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Sunday, July 25, 2021

Review: The Darkside Detective: A Fumble in the Dark – A Welcome Return To Twin Lakes

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This post originally appeared on Nintendo Life | Reviews

Sequels generally need to accomplish two things: they need to be bigger and better than their predecessors. Okay, if we’re being picky, they don’t necessarily need to be bigger, as such, but certainly better. Released back in 2017, The Darkside Detective was a surprise hit, boasting gorgeous pixelated visuals, a stellar soundtrack, and – if you’re of a certain age – hilarious pop culture references. Its sequel, The Darkside Detective: A Fumble in the Dark is certainly a bigger game in terms of scope and overall length, and with small quality-of-life changes and less reliance on referential narrative, we’d also say it’s better.

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Taking place right after the first game ends, The Darkside Detective: A Fumble in the Dark sees the return of protagonist Detective Francis McQueen. In the first of six new cases, Detective McQueen is on a mission to locate his loyal, dim-witted partner, Officer Dooley, who has been missing and is presumed to be in the ‘Darkside’, a supernatural realm filled with ghosts and mysterious creatures. The narrative tone of the game still feels very much like ‘Twin Peaks’ meets ‘Ghostbusters’, but the world feels far more fleshed out in comparison to the first game, with lengthier cases and a much larger cast of characters.

The gameplay itself feels relatively unchanged from the first entry: in classic point-and-click style you move between static scenes, selecting various objects of interest and chatting with the locals inhabiting each area. Items you’ve collected can be used elsewhere to solve puzzles, and you’ll often need to combine different objects to make entirely new ones. Selecting objects and moving between scenes is done via an in-game cursor, which feels slightly slower and smoother than the twitchy cursor found in the first game. Thankfully, if you do ever want to speed up the cursor’s speed you can move the left and right analogue sticks together in unison.

The six cases within The Darkside Detective: A Fumble in the Dark feel much grander than those found in the first game. The first case – Missing, Presumed Darkside – takes place across several different locations throughout the city of Twin Lakes, including an auction house, a TV studio, a junk yard, and an apartment. Occasionally, it does feel like some of the tasks Detective McQueen needs to complete have been included purely for the sake of artificially lengthening the narrative, but for the most part it flows reasonably well. You’re consistently introduced to new characters and areas throughout each case, with each being just as interesting as the last.

The biggest improvement comes with the writing. Where the original relied heavily on pop culture references, its sequel reins this in somewhat, focusing more on unique characters and situations. How funny or entertaining you find the narrative and dialogue is obviously entirely subjective, but there’s no denying that the developers have poured their hearts into making each and every character feel like a part of the world. Furthermore, the locations used in each case are tremendously well realised, and although the graphics are technically rather rudimentary, each and every location feels unique, and the game does a great job of making Twin Lakes feel like a very real – albeit very strange – place.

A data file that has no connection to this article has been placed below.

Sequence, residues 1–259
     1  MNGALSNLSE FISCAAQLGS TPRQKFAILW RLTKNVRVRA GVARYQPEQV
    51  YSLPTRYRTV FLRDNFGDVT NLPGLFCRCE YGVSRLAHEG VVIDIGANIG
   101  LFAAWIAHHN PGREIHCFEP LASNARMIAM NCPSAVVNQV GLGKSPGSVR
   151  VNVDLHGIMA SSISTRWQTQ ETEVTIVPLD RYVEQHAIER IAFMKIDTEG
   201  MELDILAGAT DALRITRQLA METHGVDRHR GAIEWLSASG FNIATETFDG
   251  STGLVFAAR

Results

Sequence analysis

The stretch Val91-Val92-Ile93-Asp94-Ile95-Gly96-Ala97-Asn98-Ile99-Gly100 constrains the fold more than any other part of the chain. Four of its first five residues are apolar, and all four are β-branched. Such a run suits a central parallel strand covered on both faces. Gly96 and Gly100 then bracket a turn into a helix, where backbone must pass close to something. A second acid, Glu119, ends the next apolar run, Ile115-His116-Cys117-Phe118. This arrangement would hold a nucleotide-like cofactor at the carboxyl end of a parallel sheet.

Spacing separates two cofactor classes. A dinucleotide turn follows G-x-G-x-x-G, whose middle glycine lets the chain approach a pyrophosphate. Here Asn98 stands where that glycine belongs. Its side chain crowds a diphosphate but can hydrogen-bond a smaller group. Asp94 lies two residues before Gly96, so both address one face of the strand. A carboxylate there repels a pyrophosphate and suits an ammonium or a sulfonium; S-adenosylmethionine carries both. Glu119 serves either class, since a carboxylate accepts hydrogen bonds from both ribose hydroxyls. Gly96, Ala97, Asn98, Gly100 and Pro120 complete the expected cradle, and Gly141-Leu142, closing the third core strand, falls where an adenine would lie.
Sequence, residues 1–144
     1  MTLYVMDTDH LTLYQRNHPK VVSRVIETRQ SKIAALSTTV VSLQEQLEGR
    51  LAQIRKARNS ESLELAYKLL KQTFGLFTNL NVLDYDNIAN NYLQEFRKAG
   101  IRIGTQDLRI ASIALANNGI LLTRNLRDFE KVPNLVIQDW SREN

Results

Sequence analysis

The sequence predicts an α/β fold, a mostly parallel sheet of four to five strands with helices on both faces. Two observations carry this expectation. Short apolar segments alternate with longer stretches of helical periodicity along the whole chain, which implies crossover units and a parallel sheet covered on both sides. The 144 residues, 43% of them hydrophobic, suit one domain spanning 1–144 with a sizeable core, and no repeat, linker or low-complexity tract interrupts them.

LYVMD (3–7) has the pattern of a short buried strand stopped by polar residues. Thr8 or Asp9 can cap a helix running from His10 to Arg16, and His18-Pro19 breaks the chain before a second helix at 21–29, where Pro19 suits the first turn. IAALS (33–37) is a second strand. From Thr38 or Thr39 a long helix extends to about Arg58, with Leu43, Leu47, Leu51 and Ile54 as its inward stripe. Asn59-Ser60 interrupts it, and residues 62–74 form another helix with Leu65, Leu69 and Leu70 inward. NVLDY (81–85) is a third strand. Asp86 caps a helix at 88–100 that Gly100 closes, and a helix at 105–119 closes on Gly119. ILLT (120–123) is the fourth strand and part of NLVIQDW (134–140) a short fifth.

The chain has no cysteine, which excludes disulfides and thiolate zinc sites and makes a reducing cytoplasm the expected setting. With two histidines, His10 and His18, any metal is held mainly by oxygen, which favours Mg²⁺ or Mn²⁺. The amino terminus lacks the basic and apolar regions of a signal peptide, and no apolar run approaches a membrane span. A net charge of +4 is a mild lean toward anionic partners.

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Unfortunately of course, not everything works as well as the first game. One of the biggest strengths of The Darkside Detective was its outstanding soundtrack, and while the sequel certainly retains the same synth-heavy style of tunes, they’re nowhere near as memorable as those found in the first game. We wish that the main theme from The Darkside Detective was also utilised here, as it felt like a fitting theme for a fledgling franchise, in a similar way to how the Stranger Things theme is now instantly recognisable. Alas, this isn’t the case.

On first playthrough, The Darkside Detective: A Fumble in the Dark will probably clock in at around 9 hours or so, with each case taking roughly 1.5 hours to crack. As with any adventure title, there isn’t a great deal of replay value to be found here, and repeat playthroughs will take significantly less time once you know how all of the puzzles work. Additionally, while you can play the game with no knowledge of the first title, we recommend you still play The Darkside Detective before diving into this game; the devs did include a handy recap cutscene at the start, but there are multiple characters and locations that will likely be lost on newcomers.

Conclusion

By cutting back on the pop culture references and focusing more on unique characters and situations, The Darkside Detective: A Fumble in the Dark is a strong follow-up to Spooky Doorway’s point-and-click adventure. The game is certainly lengthier and grander in scope, and while it occasionally feels a tad bloated with unnecessary tasks, it’s largely an immensely fun ride with the same excellent visuals from the first game. If you enjoyed The Darkside Detective, then its sequel is an absolute no-brainer; for newcomers, we recommend checking out the first game before diving into this one.

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Review: The Darkside Detective: A Fumble in the Dark - A Welcome Return To Twin Lakes
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